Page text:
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In New Jersey, the two most common ways an individual may contest a will is to assert undue influence or incapacity at the time the will was executed. Undue influence means that the will does not reflect the wishes of the testator, but instead, they were persuaded or coerced by another person at the time the will was written. Incapacity means that the testator did not have the mental capacity to understand the amount of their property or to whom they were assigning it.
Other ways that a will may be contested include asserting fraud, forgery, or revocation. To prevail in a will contest based on fraud, the individual contesting the will must establish to the Court that the testator was defrauded into signing the document through intentional misrepresentation or concealment of a material fact which induced the testator into signing the will.
A will is effectively revoked if a new will is written, or the existing will contains a codicil (an addendum). A will may also be revoked by a subsequent divorce or marriage; or by an express act of destroying the will. Recent changes to the probate court also allow, under limited circumstances, an informal writing intended to be a will.
If the contesting party prevails in their action, the court may look to a previous will, or will effectively hold that the individual died intestate (without a will).
Estate litigation can be costly, time consuming, and emotional which is why it is necessary to have an experienced attorney who can help you decide whether contesting a will is a prudent decision for you and your family. The attorneys at Hunziker, Jones & Sweeney can help you make informed legal decisions. Call (973) 256-0456 or or fill out our contact form for a consultation.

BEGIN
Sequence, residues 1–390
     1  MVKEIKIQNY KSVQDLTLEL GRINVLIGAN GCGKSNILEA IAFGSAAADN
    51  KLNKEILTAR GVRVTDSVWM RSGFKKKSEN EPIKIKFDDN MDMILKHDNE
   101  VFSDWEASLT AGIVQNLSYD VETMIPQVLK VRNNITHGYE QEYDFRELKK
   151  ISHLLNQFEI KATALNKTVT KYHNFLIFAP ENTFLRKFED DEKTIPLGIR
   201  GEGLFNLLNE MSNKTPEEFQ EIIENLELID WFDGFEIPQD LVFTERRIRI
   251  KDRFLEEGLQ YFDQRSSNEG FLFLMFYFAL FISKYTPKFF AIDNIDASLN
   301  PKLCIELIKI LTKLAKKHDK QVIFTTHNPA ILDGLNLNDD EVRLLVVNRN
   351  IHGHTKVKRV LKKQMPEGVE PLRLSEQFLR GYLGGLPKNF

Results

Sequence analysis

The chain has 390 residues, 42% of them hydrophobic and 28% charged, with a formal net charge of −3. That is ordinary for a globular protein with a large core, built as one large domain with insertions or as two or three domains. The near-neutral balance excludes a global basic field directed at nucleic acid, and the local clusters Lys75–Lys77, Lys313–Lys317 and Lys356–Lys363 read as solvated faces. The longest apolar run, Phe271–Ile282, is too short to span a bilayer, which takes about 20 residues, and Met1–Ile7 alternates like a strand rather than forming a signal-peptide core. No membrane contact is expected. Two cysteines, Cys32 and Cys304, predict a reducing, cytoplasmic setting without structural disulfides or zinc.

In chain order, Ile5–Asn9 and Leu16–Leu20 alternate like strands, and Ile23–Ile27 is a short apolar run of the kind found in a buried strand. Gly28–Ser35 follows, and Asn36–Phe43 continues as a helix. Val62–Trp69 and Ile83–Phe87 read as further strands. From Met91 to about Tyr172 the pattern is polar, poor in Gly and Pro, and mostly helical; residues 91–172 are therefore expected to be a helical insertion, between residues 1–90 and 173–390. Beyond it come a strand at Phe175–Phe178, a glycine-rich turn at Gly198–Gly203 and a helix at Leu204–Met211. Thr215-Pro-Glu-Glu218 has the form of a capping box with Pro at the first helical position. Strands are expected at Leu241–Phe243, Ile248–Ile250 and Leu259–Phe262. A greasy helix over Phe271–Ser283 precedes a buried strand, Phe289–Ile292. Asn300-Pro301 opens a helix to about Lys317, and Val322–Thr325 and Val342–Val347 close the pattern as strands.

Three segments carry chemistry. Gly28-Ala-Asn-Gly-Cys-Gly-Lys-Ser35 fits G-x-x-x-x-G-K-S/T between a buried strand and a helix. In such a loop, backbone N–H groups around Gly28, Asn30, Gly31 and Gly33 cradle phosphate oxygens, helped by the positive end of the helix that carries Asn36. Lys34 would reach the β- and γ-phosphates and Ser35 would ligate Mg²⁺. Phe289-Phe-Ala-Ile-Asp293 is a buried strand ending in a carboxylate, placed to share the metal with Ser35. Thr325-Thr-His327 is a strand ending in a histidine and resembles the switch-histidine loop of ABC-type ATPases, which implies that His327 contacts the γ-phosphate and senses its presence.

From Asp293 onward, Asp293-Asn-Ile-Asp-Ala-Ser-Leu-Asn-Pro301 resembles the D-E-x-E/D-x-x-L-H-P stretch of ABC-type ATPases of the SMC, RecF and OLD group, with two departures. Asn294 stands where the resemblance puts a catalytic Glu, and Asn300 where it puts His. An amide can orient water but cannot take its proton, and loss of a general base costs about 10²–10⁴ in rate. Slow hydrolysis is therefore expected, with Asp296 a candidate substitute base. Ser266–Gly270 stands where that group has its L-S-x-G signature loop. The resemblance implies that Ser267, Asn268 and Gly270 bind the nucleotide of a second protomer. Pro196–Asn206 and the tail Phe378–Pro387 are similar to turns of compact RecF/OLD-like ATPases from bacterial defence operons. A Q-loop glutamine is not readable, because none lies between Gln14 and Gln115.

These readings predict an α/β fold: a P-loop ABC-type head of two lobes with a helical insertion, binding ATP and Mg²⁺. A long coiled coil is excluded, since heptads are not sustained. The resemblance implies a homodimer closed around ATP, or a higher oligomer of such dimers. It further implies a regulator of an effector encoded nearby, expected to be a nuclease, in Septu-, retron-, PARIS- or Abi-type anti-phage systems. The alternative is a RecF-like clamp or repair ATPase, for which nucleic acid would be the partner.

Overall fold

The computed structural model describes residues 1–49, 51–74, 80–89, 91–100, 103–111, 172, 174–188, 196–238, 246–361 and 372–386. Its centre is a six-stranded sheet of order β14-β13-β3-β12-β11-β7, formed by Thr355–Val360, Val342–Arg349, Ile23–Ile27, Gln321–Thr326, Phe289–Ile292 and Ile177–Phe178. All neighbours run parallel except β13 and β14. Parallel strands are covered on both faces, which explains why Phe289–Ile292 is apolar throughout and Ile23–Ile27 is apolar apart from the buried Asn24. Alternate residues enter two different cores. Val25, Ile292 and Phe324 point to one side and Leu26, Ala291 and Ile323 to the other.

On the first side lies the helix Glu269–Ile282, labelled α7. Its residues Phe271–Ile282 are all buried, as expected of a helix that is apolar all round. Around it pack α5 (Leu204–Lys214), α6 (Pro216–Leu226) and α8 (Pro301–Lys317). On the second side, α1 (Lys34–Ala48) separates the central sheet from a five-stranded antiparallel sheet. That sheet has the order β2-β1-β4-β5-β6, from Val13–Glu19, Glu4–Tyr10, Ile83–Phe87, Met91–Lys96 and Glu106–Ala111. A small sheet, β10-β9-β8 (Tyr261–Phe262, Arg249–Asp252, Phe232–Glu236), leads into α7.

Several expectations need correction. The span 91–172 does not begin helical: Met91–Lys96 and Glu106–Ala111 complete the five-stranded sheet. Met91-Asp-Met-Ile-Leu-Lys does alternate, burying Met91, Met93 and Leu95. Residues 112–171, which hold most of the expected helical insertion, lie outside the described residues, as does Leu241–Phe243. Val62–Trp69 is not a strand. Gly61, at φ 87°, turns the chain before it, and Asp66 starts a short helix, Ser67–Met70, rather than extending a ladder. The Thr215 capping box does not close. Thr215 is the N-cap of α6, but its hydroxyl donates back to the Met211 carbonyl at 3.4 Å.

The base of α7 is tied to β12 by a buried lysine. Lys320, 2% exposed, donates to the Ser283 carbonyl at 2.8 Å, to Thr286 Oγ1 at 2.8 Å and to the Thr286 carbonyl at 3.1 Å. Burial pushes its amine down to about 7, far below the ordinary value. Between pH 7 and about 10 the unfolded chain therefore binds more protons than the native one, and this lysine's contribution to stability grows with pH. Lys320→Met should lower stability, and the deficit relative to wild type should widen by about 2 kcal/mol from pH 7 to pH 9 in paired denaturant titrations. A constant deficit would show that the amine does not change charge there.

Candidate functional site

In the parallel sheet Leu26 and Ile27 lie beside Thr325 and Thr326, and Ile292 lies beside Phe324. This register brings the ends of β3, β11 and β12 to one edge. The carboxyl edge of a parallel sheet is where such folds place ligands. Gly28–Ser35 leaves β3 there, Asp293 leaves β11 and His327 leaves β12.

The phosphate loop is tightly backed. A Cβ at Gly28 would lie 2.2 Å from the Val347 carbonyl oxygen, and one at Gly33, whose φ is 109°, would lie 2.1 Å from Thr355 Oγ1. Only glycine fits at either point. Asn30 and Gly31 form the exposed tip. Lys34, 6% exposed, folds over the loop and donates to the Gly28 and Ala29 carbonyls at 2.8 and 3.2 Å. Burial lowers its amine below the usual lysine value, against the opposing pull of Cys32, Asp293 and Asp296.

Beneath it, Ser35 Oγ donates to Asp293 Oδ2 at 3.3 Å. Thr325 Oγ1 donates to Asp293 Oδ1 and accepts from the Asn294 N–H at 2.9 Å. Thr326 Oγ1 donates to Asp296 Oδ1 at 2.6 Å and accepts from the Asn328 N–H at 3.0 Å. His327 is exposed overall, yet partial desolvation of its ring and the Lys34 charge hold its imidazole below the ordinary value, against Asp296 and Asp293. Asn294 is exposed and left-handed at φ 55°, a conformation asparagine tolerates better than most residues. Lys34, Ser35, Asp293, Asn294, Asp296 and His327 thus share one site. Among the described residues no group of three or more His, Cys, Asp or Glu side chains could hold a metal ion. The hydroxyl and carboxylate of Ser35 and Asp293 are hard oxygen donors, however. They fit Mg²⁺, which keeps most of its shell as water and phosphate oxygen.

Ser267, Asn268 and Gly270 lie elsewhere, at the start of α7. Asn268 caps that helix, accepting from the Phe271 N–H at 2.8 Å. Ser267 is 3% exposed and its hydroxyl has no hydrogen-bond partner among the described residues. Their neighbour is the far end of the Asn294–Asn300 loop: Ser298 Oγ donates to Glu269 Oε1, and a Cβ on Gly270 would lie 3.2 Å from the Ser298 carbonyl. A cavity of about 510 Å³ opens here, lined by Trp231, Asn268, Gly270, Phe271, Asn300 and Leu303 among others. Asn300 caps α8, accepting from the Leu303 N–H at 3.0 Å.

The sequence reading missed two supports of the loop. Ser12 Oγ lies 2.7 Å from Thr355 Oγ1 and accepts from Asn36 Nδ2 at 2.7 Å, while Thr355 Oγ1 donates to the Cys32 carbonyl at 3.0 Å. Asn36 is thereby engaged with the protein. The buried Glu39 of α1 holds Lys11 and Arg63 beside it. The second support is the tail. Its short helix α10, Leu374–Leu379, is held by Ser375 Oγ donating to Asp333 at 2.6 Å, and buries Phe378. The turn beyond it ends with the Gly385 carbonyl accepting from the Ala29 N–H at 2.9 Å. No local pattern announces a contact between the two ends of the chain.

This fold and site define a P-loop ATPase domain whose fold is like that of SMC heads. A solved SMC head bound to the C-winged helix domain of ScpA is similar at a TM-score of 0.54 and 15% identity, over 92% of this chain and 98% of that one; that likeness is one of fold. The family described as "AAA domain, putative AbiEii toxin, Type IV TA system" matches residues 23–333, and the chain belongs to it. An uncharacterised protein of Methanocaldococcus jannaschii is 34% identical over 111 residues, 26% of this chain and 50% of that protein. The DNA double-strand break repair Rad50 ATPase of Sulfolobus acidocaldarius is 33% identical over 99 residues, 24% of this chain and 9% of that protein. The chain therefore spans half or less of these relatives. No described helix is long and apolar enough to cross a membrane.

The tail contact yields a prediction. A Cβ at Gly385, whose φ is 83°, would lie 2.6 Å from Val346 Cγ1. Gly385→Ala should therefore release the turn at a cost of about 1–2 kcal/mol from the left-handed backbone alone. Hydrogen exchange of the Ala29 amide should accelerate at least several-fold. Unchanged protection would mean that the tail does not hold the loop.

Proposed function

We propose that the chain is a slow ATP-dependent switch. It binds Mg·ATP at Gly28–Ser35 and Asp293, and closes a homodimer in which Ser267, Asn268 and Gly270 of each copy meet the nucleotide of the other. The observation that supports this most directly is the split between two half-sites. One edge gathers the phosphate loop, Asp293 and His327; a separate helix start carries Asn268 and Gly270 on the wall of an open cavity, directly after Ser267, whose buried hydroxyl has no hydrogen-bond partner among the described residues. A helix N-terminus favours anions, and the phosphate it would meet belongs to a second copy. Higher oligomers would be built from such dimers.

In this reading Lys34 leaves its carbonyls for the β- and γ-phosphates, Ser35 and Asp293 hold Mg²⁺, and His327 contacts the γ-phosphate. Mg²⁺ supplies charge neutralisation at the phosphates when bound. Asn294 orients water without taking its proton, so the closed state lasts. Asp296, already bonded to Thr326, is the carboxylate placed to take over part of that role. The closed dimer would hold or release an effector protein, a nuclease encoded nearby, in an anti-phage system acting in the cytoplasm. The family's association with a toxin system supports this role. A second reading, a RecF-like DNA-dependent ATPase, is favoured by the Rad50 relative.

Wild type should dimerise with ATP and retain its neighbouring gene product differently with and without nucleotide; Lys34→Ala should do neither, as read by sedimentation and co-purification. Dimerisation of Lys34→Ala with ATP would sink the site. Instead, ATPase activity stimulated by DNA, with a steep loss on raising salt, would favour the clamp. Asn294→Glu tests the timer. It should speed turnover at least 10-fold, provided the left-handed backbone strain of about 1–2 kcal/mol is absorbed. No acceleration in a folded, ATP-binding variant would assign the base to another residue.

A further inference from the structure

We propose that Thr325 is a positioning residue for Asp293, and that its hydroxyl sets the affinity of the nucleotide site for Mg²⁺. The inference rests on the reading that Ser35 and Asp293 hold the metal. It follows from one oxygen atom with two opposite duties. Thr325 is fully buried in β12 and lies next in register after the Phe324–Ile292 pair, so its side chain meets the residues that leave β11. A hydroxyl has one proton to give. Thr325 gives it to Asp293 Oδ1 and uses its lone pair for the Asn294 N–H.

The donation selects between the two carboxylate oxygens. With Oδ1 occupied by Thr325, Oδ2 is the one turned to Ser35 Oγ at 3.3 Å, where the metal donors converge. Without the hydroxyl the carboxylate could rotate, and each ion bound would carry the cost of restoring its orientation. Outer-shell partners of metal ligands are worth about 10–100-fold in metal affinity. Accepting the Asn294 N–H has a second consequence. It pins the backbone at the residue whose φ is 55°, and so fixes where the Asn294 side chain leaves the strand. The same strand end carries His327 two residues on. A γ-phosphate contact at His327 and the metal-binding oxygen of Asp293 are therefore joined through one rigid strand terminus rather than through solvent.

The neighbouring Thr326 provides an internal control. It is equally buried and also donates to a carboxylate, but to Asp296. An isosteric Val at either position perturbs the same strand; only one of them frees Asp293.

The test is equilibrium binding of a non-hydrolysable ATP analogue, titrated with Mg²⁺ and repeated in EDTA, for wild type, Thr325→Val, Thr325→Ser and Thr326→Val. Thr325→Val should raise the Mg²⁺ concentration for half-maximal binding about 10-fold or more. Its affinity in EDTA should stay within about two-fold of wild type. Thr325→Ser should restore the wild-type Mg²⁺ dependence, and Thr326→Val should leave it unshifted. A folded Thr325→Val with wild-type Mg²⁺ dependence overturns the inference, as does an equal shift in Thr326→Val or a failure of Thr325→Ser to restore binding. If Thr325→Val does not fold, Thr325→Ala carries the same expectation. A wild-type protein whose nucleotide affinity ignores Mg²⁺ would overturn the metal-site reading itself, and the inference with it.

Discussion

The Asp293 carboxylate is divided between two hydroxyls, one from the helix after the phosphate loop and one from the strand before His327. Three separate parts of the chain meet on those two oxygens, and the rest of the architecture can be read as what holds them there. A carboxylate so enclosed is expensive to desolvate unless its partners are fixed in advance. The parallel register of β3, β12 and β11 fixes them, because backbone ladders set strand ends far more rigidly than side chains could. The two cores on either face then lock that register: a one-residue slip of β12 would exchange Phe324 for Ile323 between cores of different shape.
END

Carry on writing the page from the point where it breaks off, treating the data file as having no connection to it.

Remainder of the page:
Mediation has become an important step in the dispute resolution process in contested probate matters. Protracted probate litigation will be time-consuming and expensive as well as disruptive of family relationships. Such litigation often arises because a loved one has recently died or is not being appropriately cared for in the eyes of one or more of the litigants involved. Therefore, in the probate area, this type of litigation can be very emotional.
Mediation helps to resolve some of the stress and anxiety involved in these types of proceedings. Many cases are caused by what is perceived as simple lack of communication or perceived secrecy by one party. In many contested guardianship cases, the family dynamics are the driving force of the conflict. A mediator may be able to address family concerns, such as access to medical and financial information for the party who is not serving in the role of caretaker or guardian. Many times, these matters can easily be resolved once access or information is provided. Additionally, fostering continued access to the elderly ward or disabled party may also be important. A mediator may be able to resolve issues concerning visitation by establishing parameters for visits in the caretaker's home or outside of it.
If a will is contested, the courts typically utilize mediation once a limited amount of discovery has taken place. After paper discovery and before depositions have been taken, the attorneys and their clients may have enough information available to them to discuss the merits of the case. Mediators who are experienced in probate matters are able to help negotiate and structure a resolution that will benefit all parties.
If you have a contested probate matter, contact an attorney who has the skills and experience in this area. The attorneys at the Law Offices of Hunziker, Jones & Sweeney have years of experience handling mediated probate matters. Call (973) 256-0456 or or fill out our contact form for a consultation.